Because British libel laws are extremely strict, Boyle has not named "Maurice" in his book. But he is known to British security officials, because, Boyle claims, he confessed his treason to them after Burgess and MacLean escaped. In return for his confession and to avoid further scandal, "Maurice" was pardoned. Sources familiar with the case say he is a respected art historian, a former director of one of Britain's leading art institutes and had been knighted for his achievements before his role in the spy case was known.

Philby, Burgess, MacLean and "Maurice" all came from respected middle class backgrounds. They went to the best public schools and there acquired the proper identifying accent of the elite. MacLean's father had been a member of the Cabinet.

But each of these young men believed, for their own individual reasons, that the world of their fathers was doomed. Aided and urged on by other Communists, they began to work for Russia even as students. With World War II approaching, these young spies were ordered to enter the British government. With remarkable ease, they rose through the ranks.

None of these KGB agents was ever investigated before being accepted to the top echelons of the British government. Their known past allegiance to communism was passed over because they were "the right sort of chaps." Time and again, their connections preserved them against all the odds.

Inside the British government, rank amateurism and inefficiency allowed Philby and company to carry on. Boyle says Philby passed the names of most of the British agents in the world to Russia, as well as information given to the British by the CIA. He also estimates that Philby was responsible for the deaths of some three dozen spies whom he betrayed.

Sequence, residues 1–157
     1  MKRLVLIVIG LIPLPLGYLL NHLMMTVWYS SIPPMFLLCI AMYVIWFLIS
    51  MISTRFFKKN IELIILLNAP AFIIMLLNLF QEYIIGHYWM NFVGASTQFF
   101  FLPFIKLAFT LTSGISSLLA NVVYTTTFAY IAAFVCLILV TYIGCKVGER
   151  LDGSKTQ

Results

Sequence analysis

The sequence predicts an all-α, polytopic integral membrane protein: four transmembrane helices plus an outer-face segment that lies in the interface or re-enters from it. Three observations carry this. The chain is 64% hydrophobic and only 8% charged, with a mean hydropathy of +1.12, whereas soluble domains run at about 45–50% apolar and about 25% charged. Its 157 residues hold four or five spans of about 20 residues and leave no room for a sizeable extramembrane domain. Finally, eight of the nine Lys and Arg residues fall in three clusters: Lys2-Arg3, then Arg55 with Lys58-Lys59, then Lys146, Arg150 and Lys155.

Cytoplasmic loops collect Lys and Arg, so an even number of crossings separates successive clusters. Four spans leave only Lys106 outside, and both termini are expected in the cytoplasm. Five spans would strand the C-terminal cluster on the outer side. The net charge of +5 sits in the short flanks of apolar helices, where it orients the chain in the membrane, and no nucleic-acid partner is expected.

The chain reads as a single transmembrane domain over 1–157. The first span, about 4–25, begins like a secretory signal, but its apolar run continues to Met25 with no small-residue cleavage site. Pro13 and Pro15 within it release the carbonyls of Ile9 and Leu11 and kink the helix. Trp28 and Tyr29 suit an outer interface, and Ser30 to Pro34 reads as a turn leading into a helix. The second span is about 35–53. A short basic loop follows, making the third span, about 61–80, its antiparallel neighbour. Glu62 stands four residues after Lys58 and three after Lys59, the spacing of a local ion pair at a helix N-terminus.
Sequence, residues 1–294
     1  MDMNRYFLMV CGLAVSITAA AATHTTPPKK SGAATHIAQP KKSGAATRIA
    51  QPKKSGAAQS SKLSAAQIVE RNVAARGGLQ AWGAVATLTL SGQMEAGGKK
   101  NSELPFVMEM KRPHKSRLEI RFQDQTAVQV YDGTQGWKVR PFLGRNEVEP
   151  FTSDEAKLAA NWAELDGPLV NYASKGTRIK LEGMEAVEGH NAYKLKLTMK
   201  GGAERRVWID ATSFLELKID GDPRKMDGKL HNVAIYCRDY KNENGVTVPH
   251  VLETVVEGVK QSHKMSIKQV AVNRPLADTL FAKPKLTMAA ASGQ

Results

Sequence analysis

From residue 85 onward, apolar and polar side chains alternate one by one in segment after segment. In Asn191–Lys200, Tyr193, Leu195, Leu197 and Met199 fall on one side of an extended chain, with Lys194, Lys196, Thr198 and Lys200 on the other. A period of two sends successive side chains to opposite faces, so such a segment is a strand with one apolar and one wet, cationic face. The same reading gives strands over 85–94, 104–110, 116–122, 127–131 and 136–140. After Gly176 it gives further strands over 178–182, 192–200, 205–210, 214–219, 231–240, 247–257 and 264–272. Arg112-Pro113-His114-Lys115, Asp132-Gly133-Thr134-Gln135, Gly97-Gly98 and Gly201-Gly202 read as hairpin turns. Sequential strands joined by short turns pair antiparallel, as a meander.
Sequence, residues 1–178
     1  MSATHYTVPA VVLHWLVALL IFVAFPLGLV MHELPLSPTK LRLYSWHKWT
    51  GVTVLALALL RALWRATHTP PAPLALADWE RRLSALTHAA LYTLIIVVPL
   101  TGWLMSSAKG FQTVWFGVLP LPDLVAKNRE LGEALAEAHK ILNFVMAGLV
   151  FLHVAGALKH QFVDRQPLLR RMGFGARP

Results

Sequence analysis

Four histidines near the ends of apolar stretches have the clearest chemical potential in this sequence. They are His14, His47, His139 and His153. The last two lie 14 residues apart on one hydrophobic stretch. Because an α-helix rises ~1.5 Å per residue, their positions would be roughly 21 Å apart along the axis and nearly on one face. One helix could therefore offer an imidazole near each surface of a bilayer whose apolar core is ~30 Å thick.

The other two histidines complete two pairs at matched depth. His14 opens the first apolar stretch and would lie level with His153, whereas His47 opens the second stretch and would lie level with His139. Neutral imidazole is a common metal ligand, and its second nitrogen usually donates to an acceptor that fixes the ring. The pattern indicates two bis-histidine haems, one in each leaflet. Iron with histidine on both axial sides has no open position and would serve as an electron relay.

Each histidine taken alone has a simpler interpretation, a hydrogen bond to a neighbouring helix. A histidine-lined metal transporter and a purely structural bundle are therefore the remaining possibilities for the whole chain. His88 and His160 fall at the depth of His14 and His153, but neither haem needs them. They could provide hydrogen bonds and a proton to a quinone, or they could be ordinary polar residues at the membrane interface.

There is no reason to think that the other Britons who spied for Russia were any less destructive. MacLean is known to have passed important atomic secrets to Russia when he worked in the British Embassy in Washington.

Boyle says that on at least two occasions Burgess and MacLean each told friends of their treason -- but the friends either did not believe them or could not bring themselves to tell the authorities. This strongly British dedication to friendship reflects what Boyle calls "the terrible solidarity of the upper classes -- you never squeak on a friend." And Philby and company were masters of using this kind of dedication to preserve themselves.

But where the British failed to detect these Russian agents, Boyle remarkably asserts, the CIA succeeded. In the other major revelation of his book he claims that the CIA discovered a British nuclear scientist, code-named "Basil," spying for the Russians while working on Anglo-American nuclear research in Washington in 1948. The CIA, Boyle says, "turned" Basil and used him to uncover Philby, Burgess and MacLean.

The the CIA was so suspicious of British security that it did not tell the British of its discoveries, preferring, Boyle says, to wait and see what other spies might be revealed. To this day, Boyle says, British intelligence officials cannot quite understand or forgive the CIA for not telling them about the traitors who subsequently escaped to Russia.

The mad, ingrown, incestuous world Boyle has traced is now at least partly gone by. He and other observers say that British intelligence has been thoroughly reformed, with several "old boys" forced to retire and a new efficiency giving the service respect.

But it is clear that the seamy recent past of British intelligence still sticks in the public mind. When asked recently why this should be so, John Le Carre said: "Spies are at the front line of the loyalty business -- they serve where loyalty is most likely to be challenged and reflect the reality of what we are doing. Spies are statements of our national psyche."